Thursday, September 30, 2010

Carrie by Stephen King

Title: Carrie
Author: Stephen King
Publisher: Doubleday
Release Date: April 5th, 1974
Pages: 253 pages

A modern classic, Carrie introduced a distinctive new voice in American fiction- Stephen King. The story of misunderstood high school girl Carrie White, her extraordinary telekinetic powers, and her violent rampage of revenge remains one of the most barrier-breaking and shocking novels of all time.

Make a date with terror- and live the nightmare that is



I've heard about this book for so long as a great and very terrifying book. While I was at a used bookstore, I saw a copy of this and another well-spoken-of Stephen King book and thought, "Why not?" Good God, I'm glad I got Carrie.

High school teen Carietta "Carrie" White grew up with an unbalanced religious fanatic for a mother and without either a father or friends she could rely on. Kept from doing things or buying clothes that the average teen would, the change in her life begins the day of her first menstrual period at age seventeen. The emotional trigger that is pulled that day unlocks her latent telekinetic powers and she starts to put them to use. These powers, combined with one girl named Sue's guilt over what she did to Carrie and her attempts to redeem herself, set the stage for one of the most terrifying and memorable fictional events in modern times: Prom Night, the Black Prom, Carrie's vengeful rampage through the town of Chamberlain.

The strange thing with this book is that you know exactly how it's going to end and what happens, both because Carrie is both an infamous book and movie and because the epistolary form of the novel gives away multiple times that people will die on Prom Night and even who will die. But it doesn't subtract from the suspense at all to be told what happens; I found that it excited me more because it told me what was ahead and made me want to read the accounts of those who were involved instead of third parties who weren't there.

All of the characters felt realistic and flawed to me: Carrie, the shy, abused, and bullied girl who becomes more and more unhinged until she finally breaks; Sue Snell, the girl who did something she regretted and went to great lengths to try and fix what she did in some what; Chris Hargensen, the bully who hurt Carrie for years and just started to get an inkling of a feeling that she was doing something wrong just a little too late; Billy Nolan, the complete monster (okay, so he wasn't as three-dimensional as others); and Margaret White, the severely-unhinged and religiously fanatical mother of Carrie. Everyone had life to them, even characters mentioned only once or twice.

After I was done with the book, I remember Chris's hesitation when it came time to pull the string and dump the pig's blood on Carrie. What if she had decided against it? Would the buckets have remained unpoured and Carrie would have had the best night of her life? After getting along with Freida and other, would Carrie have started to make friends? How would Tommy have dealt with loving both Sue and Carrie? I wanted to know about everything that could have happened, but didn't- it made me want to see an alternate ending. There's the possibility that Billy would have pulled the string after he got sick of Chris's hesitation, but there's also equal chance that he wouldn't have. Yet even if the bucket had remained untouched, there would still be Carrie's mother to think about, who had been planning the whole time to kill Carrie when she got back. Would that have been Carrie's trigger instead of the pig blood? We will never know.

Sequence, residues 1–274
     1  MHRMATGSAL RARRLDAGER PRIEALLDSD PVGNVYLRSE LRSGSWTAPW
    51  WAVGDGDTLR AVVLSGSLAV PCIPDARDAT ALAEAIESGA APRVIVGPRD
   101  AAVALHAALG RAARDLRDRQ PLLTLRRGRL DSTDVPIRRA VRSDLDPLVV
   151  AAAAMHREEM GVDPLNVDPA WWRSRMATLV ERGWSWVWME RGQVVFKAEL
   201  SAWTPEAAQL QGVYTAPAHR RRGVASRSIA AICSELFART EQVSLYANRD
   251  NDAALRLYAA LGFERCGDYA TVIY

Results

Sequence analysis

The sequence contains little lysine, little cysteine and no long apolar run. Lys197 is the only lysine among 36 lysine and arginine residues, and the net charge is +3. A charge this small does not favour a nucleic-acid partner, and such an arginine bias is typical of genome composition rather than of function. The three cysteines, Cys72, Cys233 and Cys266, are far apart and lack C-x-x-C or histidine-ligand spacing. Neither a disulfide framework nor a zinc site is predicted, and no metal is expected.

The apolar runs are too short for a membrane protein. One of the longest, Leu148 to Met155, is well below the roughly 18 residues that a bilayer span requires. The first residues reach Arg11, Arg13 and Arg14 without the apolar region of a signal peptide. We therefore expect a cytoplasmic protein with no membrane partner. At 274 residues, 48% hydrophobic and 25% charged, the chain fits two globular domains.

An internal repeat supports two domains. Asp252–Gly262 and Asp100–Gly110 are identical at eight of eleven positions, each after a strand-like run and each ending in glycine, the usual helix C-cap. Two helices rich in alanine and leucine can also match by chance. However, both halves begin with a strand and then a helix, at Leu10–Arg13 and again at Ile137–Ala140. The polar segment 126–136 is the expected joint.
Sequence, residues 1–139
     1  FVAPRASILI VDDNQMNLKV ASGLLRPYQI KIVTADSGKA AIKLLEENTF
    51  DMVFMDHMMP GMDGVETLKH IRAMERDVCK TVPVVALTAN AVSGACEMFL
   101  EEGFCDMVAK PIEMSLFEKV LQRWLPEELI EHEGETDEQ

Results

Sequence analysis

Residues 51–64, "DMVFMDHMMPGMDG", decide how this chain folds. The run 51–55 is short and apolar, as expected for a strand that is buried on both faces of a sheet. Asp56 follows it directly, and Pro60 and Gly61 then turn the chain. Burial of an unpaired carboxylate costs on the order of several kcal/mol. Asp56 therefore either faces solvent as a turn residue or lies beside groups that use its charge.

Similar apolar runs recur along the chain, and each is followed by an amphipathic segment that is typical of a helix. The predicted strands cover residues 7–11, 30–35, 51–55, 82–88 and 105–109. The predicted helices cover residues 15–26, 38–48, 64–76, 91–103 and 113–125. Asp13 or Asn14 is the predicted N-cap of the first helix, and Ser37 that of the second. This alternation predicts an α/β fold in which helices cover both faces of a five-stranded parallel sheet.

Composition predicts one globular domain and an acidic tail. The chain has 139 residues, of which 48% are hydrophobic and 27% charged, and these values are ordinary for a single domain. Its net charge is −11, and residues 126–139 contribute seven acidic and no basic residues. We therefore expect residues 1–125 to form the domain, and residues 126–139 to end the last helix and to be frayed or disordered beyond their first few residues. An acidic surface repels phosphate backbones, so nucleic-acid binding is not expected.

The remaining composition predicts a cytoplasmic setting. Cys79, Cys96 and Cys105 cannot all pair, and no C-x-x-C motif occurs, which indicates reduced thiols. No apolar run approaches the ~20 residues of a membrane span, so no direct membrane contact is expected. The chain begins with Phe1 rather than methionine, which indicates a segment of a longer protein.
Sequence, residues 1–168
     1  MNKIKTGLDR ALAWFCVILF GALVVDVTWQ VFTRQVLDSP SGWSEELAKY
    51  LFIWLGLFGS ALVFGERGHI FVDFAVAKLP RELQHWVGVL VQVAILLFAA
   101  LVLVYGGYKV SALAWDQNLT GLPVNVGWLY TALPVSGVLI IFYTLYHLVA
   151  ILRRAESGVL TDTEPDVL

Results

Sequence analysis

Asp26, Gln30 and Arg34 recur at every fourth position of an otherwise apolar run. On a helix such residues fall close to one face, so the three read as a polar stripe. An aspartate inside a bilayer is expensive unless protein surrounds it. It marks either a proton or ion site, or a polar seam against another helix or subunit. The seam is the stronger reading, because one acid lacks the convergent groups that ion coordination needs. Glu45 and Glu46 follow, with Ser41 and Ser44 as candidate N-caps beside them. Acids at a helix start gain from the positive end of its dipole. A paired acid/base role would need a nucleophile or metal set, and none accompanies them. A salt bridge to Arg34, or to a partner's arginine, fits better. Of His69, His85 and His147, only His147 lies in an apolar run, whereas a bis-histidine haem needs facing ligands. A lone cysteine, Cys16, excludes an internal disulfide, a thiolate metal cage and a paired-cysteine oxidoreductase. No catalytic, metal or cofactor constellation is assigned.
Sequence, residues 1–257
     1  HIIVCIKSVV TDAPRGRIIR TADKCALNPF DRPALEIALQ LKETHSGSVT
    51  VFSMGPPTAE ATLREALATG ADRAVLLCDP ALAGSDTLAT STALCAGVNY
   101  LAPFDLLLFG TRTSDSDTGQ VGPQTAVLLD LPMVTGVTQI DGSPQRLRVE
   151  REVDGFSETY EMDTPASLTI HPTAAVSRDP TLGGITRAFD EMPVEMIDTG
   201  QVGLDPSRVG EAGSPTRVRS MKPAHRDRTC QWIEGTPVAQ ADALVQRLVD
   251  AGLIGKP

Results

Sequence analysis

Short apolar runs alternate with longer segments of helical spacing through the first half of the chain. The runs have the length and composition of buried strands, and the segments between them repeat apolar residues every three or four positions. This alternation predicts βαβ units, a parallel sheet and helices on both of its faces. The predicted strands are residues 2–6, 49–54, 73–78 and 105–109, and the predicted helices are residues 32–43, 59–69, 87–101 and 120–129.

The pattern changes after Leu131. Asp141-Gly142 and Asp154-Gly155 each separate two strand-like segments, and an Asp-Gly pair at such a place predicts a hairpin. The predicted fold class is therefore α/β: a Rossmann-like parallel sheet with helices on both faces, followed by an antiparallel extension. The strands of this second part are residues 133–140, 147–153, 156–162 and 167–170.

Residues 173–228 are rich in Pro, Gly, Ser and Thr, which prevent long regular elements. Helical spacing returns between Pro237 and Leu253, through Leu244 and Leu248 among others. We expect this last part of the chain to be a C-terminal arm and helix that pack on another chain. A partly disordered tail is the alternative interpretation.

This book gave me one of my favorite moments of all time, one that made me mentally go, "Oh snap!" It was when Chris Hargensen's lawyer dad John Hargensen and Principal Henry Grayle had a mental face-off. Chris was supposed to go to detention for throwing tampons and pads at Carrie and when she didn't, she was suspended for three days and lost her prom tickets. John comes in to try and get the prom rights back for her and a mental face-off the likes of which I have never seen before happens between the two men. While they argued legal mumbo-jumbo back and forth about the rights of the school to punish one of their students and how teachers can handle students, I was on the edge of my seat. Once I was finished with that scene, I went back and read it again just because it was so awesome! Mr. Grayle definitely won that battle, showing off Chris's ugly record like that, along with threatening to sue on Carrie's behalf.

One small point bothered me about the novel, but I'm willing to let it slide. This novel is told in epistolary form with excerpts from fake books and accounts from people who lived in Chamberlain then. Yet this book contains Carrie's point of view when it's never seen that she write in a journal or leaves behind records; Tommy's thoughts and feelings just before his death are in here too, along with Margaret White's. When these characters die without leaving behind any records, where would these bits come from? This is my first true epistolary, but I would think that the entire book would have to be made up of records of some sort, not just pieces of it. I'll give it a pass because it's my first epistolary (my issue might have to do with being an idealist and not knowing how they work) and because it's in third-person. We don't ask about who the narrator is in every third -person book, do we? Exactly.

How could I not give this book a perfect rating? It was suspenseful, terrifying, classic, and I couldn't stand to put it down! (It also helps that if I gave it even four stars, the fictional and ghostly spirit of Carrie would come and kill me, according to my wild daynightmares.) I highly recommend this book; after reading it, you will more than likely see why Stephen King has become so popular. If you will excuse me, I'm going to go find the movie on television.

5 stars!